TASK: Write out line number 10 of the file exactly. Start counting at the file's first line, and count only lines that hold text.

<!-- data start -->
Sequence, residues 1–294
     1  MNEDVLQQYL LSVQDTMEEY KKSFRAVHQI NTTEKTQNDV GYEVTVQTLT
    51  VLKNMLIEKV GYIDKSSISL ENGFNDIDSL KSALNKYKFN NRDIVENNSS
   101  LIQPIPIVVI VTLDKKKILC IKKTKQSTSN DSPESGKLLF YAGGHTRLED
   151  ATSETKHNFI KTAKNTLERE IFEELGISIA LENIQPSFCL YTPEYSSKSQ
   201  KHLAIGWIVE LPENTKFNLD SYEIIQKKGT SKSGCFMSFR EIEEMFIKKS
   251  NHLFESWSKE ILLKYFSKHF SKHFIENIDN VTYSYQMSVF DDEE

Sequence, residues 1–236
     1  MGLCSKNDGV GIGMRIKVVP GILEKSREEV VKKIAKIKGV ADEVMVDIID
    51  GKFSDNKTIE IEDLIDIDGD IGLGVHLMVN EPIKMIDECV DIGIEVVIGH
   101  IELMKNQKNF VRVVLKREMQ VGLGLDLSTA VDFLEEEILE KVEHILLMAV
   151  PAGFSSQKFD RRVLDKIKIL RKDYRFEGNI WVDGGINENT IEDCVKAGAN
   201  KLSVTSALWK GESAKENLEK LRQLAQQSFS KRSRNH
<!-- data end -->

    51  GKFSDNKTIE IEDLIDIDGD IGLGVHLMVN EPIKMIDECV DIGIEVVIGH